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Born: October 9, 1993, Madison, WI

Pitts, K. – Atl (TE)

Kyle Pitts Dynasty outlook (5/12) Advice: The Dynasty community is well aware of Pitts’ potential to break the TE mold. He is currently coming off the board as a mid-first-round pick in rookie Dynasty drafts. I’m likely to be a bit higher on Pitts than the community as a whole and I have him as my No. 4 player overall among rookies. The best way to view Pitts is almost as a “unicorn” type prospect at the TE position, and that makes him even more valuable in Dynasty. Now, I know you’ve heard that before in the football scouting and Fantasy community — it has rarely translated into Fantasy production. However, Pitts is a bit of a different unicorn for the position. He possesses a wide range of translatable receiver skills and not just timed 40 speed like an Evan Engram type. (CBSSports.com)
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Smith Jr., I. – Min (TE)

2021 fantasy player outlook for Irv Smith, TE, Minnesota Vikings (6/23) Advice: Irv Smith will be one of the favorite breakout candidates in the Fantasy Football industry this season. The 22-year-old will no longer share targets with Kyle Rudolph, which makes him draftable as early as Round 9 as a borderline top-10 tight end. While Smith took a small step forward in 2020, he could take a leap with consistent targets. Six times in his short career he’s received at least five targets in a game. In those games he averaged 11.6 PPR Fantasy points, which would have made him the No. 5 tight end in Fantasy last year. Don’t draft him that high, but he’s an excellent choice if you miss out on the top eight at the position. (CBSSports.com)

Smith, J. – NE (TE)

2021 fantasy player outlook for Jonnu Smith, TE, New England Patriots (6/23) Advice: For about a day, it looked like Jonnu Smith might belong among the elites of the position after signing with the Patriots. The subsequent signing of Hunter Henry unfortunately dims his prospects quite a bit and pushes him back to the fringes of the starting TE tier instead. Smith is an electric playmaker with the ball in his hands, and a smart offense will find ways to get him the ball all over the field. He’s a threat to find the end zone whenever he touches it, a rare quality for a tight end. However, New England figures to be a pretty low-volume passing attack, and it’s not clear he’ll be more of a priority than Henry in the offense, which makes him a high-upside, low-floor tight end to target in the later rounds. (CBSSports.com)

Thomas, L. – Was (TE)

2021 fantasy player outlook for Logan Thomas, TE, Washington Football Team (6/23) Advice: Logan Thomas had a breakout campaign in 2020, and hopefully he can play at a high level once again this year. He’s worth drafting as a low-end starter in all leagues. Thomas finished as the No. 3 PPR tight end last season, and he scored at least 12 PPR points in eight games, including three of his final four outings of the year. Hopefully, Thomas can continue to be a valuable target for new quarterback Ryan Fitzpatrick, and we’ll see how Thomas does with Washington adding Curtis Samuel this offseason. Thomas should be drafted with a mid- to late-round pick in all formats, with his value slightly higher in PPR leagues. (CBSSports.com)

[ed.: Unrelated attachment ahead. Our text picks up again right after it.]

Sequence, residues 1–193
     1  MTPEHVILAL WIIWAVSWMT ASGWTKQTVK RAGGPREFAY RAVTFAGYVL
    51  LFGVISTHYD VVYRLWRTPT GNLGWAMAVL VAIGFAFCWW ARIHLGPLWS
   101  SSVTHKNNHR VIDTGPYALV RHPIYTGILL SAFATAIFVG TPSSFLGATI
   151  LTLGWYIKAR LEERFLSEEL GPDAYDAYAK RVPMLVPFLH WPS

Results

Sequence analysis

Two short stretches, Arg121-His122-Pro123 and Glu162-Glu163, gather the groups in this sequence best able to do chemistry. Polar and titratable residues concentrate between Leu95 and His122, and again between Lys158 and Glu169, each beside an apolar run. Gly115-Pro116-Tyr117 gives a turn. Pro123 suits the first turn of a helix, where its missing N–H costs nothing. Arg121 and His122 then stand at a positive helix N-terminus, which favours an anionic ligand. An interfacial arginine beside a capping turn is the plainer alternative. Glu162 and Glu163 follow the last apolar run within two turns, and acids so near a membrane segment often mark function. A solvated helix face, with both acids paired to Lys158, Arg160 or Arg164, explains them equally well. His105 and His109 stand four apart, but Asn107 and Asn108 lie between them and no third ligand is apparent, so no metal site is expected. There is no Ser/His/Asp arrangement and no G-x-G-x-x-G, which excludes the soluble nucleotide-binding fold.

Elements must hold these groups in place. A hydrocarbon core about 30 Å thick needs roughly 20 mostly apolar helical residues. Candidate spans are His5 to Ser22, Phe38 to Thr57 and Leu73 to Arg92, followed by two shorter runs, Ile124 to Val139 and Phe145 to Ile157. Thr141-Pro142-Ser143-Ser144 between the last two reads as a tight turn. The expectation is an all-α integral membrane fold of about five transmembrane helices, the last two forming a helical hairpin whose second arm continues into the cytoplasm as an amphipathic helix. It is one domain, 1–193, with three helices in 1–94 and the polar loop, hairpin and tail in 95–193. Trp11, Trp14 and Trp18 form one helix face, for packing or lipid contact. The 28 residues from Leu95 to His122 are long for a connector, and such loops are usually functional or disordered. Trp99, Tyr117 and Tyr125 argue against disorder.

Tonyan, R. – GB (TE)

2021 fantasy player outlook for Robert Tonyan, TE, Green Bay Packers (6/23) Advice: After his monster breakout in 2020, Robert Tonyan is best viewed as a borderline top-12 tight end who should be drafted early in the double-digit rounds. Because Tonyan’s production was so touchdown-dependent, he projects to be more valuable in leagues where catches do not count. Tonyan scored 11 times on 59 targets last year, which is an absurd rate you should not expect him to repeat. The hope is that Tonyan’s target share would grow, but he didn’t trend that way at the end of 2020, with just 15 targets in his final five games including the playoffs. It’s not uncommon for an Aaron Rodgers target to be highly efficient, but you’ll likely be better off if you bet against Tonyan delivering starter-worthy production on a consistent basis. (CBSSports.com)

Waller, D. – LV (TE)

2021 fantasy player outlook for Darren Waller, TE, Las Vegas Raiders (6/23) Advice: Nobody doubts Darren Waller as a top-three Fantasy tight end. But there are questions about when to draft him and whether or not to do so over George Kittle. The keys to Waller’s success have included staying healthy, seeing a steady diet of targets (7.3 per game in 2019, 9.1 in 2020), and in the case of last year, scoring once every 12 receptions. Above all, Waller has landed at least 10 PPR points in 22 of his past 32 games and at least 15 PPR points in 10 of his past 16. That’s excellent. Kittle’s track record suggests even more upside than Waller, but Waller’s been healthier and is in line to retain his heavy target volume whereas Kittle may see a dip with receivers emerging in San Francisco. Both deserve attention as soon as mid-Round 2 as elite options at the thin tight-end position, but Waller might be considered the safer pick in PPR because of those targets. If he’s still on the board by 28th overall, steal him. (CBSSports.com)
ADP: 1.08 — 3.05
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Born: September 13, 1992, Acworth, GA